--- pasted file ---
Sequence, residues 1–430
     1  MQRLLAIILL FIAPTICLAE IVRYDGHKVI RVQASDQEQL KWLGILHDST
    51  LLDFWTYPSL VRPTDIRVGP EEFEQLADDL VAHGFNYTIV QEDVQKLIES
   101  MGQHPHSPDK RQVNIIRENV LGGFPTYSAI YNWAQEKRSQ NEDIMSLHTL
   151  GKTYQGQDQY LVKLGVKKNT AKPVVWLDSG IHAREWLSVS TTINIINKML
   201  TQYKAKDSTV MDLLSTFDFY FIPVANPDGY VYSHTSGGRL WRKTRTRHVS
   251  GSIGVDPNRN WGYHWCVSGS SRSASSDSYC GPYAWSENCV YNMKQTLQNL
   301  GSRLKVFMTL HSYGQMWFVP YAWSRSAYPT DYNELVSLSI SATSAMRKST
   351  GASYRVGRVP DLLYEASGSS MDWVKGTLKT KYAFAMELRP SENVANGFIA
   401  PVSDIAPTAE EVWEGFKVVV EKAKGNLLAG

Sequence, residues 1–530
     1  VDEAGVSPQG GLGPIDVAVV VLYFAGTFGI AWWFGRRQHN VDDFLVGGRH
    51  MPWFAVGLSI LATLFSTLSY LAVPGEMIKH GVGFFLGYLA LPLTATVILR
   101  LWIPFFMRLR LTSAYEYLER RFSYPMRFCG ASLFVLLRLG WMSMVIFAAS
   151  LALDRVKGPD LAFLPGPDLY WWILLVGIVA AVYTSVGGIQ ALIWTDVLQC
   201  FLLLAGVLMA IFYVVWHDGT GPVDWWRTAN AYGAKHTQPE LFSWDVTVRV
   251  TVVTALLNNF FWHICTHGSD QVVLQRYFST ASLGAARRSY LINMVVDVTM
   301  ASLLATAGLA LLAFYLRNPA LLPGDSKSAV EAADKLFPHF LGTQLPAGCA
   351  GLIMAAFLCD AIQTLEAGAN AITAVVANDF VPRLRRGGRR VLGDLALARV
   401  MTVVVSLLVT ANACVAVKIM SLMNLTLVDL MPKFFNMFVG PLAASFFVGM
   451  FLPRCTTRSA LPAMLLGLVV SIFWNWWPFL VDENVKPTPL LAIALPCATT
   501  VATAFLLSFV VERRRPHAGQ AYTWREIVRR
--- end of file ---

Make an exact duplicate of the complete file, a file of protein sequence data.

Sequence, residues 1–430
     1  MQRLLAIILL FIAPTICLAE IVRYDGHKVI RVQASDQEQL KWLGILHDST
    51  LLDFWTYPSL VRPTDIRVGP EEFEQLADDL VAHGFNYTIV QEDVQKLIES
   101  MGQHPHSPDK RQVNIIRENV LGGFPTYSAI YNWAQEKRSQ NEDIMSLHTL
   151  GKTYQGQDQY LVKLGVKKNT AKPVVWLDSG IHAREWLSVS TTINIINKML
   201  TQYKAKDSTV MDLLSTFDFY FIPVANPDGY VYSHTSGGRL WRKTRTRHVS
   251  GSIGVDPNRN WGYHWCVSGS SRSASSDSYC GPYAWSENCV YNMKQTLQNL
   301  GSRLKVFMTL HSYGQMWFVP YAWSRSAYPT DYNELVSLSI SATSAMRKST
   351  GASYRVGRVP DLLYEASGSS MDWVKGTLKT KYAFAMELRP SENVANGFIA
   401  PVSDIAPTAE EVWEGFKVVV EKAKGNLLAG

Sequence, residues 1–530
     1  VDEAGVSPQG GLGPIDVAVV VLYFAGTFGI AWWFGRRQHN VDDFLVGGRH
    51  MPWFAVGLSI LATLFSTLSY LAVPGEMIKH GVGFFLGYLA LPLTATVILR
   101  LWIPFFMRLR LTSAYEYLER RFSYPMRFCG ASLFVLLRLG WMSMVIFAAS
   151  LALDRVKGPD LAFLPGPDLY WWILLVGIVA AVYTSVGGIQ ALIWTDVLQC
   201  FLLLAGVLMA IFYVVWHDGT GPVDWWRTAN AYGAKHTQPE LFSWDVTVRV
   251  TVVTALLNNF FWHICTHGSD QVVLQRYFST ASLGAARRSY LINMVVDVTM
   301  ASLLATAGLA LLAFYLRNPA LLPGDSKSAV EAADKLFPHF LGTQLPAGCA
   351  GLIMAAFLCD AIQTLEAGAN AITAVVANDF VPRLRRGGRR VLGDLALARV
   401  MTVVVSLLVT ANACVAVKIM SLMNLTLVDL MPKFFNMFVG PLAASFFVGM
   451  FLPRCTTRSA LPAMLLGLVV SIFWNWWPFL VDENVKPTPL LAIALPCATT
   501  VATAFLLSFV VERRRPHAGQ AYTWREIVRR